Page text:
Conn. Regulator Defends Hartford Surplus Decision
By Sean P. Carr
A, M. Best
February 17, 2009
HARTFORD, Conn., Feb 17, 2009 (A. M. Best via COMTEX) -- Connecticut Insurance Commissioner Thomas Sullivan defended his handling of an approved capital relief request from Hartford Financial Services Group, his former employer.
In written comments to Birny Birnbaum, executive director of the Center for Economic Justice, Sullivan said his actions are not prohibited by the Connecticut Code of Ethics for Public Officials. It has been two years since he was last employed in the industry, Sullivan said, and neither he nor his family "have any financial interest in the insurance industry that would serve as a conflict of interest."
Sullivan's department recently agreed to permit Hartford to use nearly $1 billion for statutory capital surplus requirements (BestWire, Feb. 12, 2009). In a filing with the U.S. Securities and Exchange Commission, the insurer said the approvals allowed the company to increase the estimated statutory surplus for its life insurance companies by $987 million as of Dec. 31.
Sullivan spent 20 years in the insurance industry before taking office in April 2007, according to his official biography. He was a senior vice president of Specialty Risk Services LLC, a wholly owned subsidiary of Hartford (NYSE: HIG).
In a statement, Sullivan said he is not permitted by law to discuss details of the regulatory decision on Hartford.
"Therefore, I will abide by the law and not discuss the particulars of any company that may or may not come to the Connecticut Insurance Department requesting a permitted practice. As I have said on many occasions, I am guided by what is in the best interest of the consumer. As such, I will continue to be vigilant as I perform my regulatory duties to make sure that consumers can enjoy all of the benefits that come from a sound and competitive marketplace," he said.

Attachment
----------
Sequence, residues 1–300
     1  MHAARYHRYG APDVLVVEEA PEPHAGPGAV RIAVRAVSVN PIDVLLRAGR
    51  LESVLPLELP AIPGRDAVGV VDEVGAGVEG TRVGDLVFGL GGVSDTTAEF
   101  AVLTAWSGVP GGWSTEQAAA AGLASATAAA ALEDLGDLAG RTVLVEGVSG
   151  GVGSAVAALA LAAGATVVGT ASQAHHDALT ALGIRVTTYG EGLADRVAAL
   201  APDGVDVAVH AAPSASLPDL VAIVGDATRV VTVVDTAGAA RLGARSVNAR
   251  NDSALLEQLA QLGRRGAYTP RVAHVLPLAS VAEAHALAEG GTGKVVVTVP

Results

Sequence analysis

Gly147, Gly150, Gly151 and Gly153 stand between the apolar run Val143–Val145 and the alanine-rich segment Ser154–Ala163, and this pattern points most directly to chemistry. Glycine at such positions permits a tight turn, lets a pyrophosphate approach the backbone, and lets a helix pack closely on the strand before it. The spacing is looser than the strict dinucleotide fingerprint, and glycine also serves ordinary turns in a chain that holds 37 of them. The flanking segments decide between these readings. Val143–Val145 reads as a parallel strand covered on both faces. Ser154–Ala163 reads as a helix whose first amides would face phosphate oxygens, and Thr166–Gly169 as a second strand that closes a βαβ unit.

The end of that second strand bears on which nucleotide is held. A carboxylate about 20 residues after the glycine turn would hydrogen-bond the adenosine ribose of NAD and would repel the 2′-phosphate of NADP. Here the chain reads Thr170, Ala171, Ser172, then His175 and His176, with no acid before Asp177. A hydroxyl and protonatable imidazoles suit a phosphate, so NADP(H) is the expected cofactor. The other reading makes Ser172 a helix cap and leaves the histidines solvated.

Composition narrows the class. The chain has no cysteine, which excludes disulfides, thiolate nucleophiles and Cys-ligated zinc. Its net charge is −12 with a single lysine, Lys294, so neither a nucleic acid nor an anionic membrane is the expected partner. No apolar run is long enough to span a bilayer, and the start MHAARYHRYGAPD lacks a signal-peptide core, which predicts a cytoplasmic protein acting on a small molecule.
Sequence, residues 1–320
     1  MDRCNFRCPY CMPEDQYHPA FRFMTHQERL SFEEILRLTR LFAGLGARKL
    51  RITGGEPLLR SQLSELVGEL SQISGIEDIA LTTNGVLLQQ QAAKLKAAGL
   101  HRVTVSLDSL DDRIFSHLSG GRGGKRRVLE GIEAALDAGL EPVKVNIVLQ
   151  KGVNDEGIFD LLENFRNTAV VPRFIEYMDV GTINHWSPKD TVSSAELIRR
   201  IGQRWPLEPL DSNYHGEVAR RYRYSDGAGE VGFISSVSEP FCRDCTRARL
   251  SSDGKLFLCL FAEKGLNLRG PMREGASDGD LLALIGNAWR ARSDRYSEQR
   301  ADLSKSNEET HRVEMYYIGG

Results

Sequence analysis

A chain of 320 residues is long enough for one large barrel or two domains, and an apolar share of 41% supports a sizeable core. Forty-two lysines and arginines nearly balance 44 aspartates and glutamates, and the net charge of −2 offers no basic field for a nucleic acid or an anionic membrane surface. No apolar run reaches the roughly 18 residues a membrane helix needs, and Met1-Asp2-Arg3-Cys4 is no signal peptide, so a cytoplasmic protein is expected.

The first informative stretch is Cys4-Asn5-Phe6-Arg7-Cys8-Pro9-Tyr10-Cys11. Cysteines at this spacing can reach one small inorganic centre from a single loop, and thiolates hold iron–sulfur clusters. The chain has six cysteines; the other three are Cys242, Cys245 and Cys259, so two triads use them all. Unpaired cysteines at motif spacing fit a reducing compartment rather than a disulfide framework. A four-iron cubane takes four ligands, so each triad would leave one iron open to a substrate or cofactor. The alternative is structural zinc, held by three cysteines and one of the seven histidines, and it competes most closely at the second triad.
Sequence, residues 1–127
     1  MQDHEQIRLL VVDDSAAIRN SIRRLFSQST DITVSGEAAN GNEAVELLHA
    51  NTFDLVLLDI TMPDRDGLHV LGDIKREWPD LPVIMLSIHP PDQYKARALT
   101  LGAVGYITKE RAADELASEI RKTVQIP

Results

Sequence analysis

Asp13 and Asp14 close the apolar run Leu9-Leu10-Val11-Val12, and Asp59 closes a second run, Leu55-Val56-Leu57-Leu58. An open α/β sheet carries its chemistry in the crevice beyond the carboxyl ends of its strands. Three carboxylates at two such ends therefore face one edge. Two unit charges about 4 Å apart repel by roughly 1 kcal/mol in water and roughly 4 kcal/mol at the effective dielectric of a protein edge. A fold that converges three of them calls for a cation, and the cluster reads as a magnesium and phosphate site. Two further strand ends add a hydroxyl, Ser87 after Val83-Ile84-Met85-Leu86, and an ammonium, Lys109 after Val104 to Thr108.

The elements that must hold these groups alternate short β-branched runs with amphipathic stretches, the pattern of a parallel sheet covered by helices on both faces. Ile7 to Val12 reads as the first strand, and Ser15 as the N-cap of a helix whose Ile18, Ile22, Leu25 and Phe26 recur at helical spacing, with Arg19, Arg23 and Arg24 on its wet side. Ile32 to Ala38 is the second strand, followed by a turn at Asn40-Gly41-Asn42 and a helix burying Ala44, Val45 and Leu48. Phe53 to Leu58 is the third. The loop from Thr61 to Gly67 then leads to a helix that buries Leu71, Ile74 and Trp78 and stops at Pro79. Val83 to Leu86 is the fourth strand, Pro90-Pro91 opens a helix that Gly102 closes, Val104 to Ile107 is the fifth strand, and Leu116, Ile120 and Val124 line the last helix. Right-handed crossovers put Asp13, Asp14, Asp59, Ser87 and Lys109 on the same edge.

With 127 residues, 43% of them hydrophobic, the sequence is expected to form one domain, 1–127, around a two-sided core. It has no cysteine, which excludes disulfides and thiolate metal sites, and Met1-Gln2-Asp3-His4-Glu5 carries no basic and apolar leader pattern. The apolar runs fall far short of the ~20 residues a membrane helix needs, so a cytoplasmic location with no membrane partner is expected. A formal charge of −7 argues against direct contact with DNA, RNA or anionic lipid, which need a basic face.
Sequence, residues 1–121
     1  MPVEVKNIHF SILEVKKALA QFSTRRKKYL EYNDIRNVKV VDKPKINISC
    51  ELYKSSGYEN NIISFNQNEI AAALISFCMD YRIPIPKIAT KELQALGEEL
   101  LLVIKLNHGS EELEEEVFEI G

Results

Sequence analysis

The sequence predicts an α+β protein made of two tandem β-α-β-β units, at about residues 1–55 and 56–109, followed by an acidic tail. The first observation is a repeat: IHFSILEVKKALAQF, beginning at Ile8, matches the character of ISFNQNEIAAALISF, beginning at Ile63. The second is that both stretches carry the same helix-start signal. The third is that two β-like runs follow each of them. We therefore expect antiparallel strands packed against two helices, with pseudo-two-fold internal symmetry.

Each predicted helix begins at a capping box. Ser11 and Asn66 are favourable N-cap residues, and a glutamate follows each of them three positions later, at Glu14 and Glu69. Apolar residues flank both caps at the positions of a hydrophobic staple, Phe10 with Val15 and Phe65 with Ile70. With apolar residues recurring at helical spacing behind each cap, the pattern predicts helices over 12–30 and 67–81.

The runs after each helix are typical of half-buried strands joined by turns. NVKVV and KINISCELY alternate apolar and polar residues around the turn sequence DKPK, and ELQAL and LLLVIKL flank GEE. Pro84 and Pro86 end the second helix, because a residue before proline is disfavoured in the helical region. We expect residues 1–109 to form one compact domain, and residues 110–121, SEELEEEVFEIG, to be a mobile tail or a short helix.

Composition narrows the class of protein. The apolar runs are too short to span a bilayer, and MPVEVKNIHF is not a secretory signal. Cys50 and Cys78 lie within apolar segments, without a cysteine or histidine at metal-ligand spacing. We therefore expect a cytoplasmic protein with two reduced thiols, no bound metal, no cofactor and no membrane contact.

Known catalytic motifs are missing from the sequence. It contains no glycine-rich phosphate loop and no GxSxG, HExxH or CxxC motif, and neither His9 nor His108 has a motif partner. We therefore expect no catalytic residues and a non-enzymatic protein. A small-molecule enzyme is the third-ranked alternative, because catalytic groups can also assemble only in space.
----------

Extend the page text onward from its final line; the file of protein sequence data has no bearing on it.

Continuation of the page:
Birnbaum, a National Association of Insurance Commissioners designated consumer representative, cited provisions of Connecticut statutes under which Sullivan is allowed to discuss documentation of the case if "the commissioner's opinion deems it in the public interest to disclose or otherwise make available for public inspection the information contained in such documents."
"We suggest that it is obviously in the public interest for you to provide the requested documents so members of the public can view with transparency the requests of insurers for changes in accounting and reserve rules which significantly change reported capital and reserves," Birnbaum wrote Sullivan.
When the NAIC Executive Committee ruled on a comprehensive capital and surplus relief request for life insurers last month, Sullivan cast the lone vote in favor (BestWire, Jan. 29, 2009).
Hartford earlier in February reported a $2.75 billion loss for 2008, with investment losses particularly hurting its life operations (BestWire, Feb. 6, 2009).
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